After all the blood and blunders, people are right to be sceptical when good news is announced from Iraq. Yet it is now plain that over the past several months, while Americans have been distracted by their presidential primaries, many things in Iraq have at long last started to go right.
This improvement goes beyond the fall in killing that followed General David Petraeus’s Ã¢â‚¬Å“surgeÃ¢â‚¬Â. Iraq’s government has gained in stature and confidence. Thanks to soaring oil prices it is flush with money. It is standing up to Iraq’s assorted militias and asserting its independence from both America and Iran. The overlapping warsÃ¢â‚¬â€Sunni against American, Sunni against Shia and Shia against ShiaÃ¢â‚¬â€that harrowed Iraq after the invasion of 2003 have abated. The country no longer looks in imminent danger of flying apart or falling into everlasting anarchy. In September 2007 this newspaper supported the surge not because we had faith in Iraq but only in the desperate hope that the surge might stop what was already a bloodbath from becoming even worse (see article). The situation now is different: Iraq is still a mess, but something approaching a normal future for its people is beginning to look achievable.
The article proceeds to explain the improvements in greater detail, and then concludes:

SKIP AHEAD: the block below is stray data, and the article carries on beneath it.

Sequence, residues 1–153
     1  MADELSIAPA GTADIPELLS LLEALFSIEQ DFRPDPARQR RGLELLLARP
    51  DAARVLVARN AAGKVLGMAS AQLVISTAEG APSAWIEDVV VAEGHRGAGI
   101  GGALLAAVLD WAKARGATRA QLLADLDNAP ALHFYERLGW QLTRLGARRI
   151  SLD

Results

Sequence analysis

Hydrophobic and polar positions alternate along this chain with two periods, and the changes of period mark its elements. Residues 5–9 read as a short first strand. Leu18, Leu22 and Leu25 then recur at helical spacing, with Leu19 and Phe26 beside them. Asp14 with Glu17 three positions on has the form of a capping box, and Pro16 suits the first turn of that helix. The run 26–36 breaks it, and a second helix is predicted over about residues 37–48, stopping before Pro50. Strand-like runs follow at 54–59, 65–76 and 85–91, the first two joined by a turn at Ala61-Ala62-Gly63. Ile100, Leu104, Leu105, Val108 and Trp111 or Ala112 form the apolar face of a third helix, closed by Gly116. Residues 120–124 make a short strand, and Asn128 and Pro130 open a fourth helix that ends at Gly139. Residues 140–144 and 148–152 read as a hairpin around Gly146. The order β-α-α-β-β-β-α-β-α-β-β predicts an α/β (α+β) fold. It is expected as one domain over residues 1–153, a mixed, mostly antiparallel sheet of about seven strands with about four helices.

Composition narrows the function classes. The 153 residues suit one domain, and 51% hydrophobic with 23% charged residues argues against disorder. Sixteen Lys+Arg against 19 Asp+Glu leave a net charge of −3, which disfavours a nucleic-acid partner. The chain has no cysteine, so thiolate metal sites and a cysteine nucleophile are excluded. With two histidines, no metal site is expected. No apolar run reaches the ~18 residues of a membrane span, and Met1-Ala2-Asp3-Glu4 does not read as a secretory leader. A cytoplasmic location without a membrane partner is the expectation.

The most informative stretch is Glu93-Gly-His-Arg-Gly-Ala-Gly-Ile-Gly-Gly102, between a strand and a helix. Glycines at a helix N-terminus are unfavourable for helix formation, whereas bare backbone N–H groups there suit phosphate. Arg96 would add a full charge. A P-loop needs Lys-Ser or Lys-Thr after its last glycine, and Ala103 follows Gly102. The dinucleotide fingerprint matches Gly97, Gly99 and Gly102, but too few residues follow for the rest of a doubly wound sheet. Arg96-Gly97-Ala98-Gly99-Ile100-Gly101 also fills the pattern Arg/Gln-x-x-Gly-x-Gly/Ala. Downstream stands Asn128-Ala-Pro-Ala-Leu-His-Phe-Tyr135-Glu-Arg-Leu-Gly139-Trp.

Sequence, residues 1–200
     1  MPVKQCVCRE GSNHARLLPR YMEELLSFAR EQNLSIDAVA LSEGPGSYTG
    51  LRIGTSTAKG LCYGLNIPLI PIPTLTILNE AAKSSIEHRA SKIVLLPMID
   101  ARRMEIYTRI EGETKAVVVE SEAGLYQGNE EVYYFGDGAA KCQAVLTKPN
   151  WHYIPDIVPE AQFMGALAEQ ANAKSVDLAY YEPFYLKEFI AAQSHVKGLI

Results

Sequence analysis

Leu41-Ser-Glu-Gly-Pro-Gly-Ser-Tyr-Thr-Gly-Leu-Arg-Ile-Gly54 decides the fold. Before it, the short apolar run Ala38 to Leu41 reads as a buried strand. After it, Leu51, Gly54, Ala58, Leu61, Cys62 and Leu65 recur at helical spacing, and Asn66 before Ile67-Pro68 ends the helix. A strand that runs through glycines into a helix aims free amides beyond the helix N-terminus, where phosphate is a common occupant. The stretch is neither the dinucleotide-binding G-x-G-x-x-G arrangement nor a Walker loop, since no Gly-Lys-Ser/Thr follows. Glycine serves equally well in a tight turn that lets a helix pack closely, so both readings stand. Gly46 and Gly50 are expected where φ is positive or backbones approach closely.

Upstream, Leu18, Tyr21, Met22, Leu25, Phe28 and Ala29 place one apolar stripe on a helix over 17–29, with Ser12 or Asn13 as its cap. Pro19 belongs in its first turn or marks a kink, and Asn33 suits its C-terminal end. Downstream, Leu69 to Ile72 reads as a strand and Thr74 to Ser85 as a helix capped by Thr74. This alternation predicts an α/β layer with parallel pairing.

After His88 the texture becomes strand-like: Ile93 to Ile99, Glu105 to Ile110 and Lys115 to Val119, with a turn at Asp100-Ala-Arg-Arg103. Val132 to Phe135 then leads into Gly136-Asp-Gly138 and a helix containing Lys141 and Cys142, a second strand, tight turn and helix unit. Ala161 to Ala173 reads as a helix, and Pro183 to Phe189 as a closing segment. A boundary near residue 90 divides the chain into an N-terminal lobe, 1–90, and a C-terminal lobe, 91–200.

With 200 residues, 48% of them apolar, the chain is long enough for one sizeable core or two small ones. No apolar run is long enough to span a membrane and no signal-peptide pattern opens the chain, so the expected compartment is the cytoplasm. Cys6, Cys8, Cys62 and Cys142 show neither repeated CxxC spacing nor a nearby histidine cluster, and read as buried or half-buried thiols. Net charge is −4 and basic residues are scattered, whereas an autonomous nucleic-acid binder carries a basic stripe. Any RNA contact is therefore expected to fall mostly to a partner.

In highlighting the improved conditions in Iraq we do not mean to justify The Economist’s support of the invasion of 2003 (see article). Too many lives have been shattered for that. History will still record that the invasion and occupation have been a debacle. Iraqis even now live under daily threat of violent death: hundreds are killed each month. They remain woefully short of the necessities of life, such as jobs, clean water and electricity. Iraq’s government is gaining confidence faster than competence. It is still fractious, and in many places corrupt.
Nor does it follow that a turn for the better necessarily validates John McCain’s insistence on America staying indefinitely. A safer Iraq might make Barack Obama’s plan to pull out most American troops within 16 months more feasible, though at the moment a precipitate withdrawal looks foolish. But to guard the fragile improvements, the key for America must be flexibility. Both candidates have to keep their options open. If America’s next president gets Iraq wrong because he has boxed himself in during the campaign, all the recent gains may be squandered and Iraq will slide swiftly back into misery and despair. That would be to fail twice over.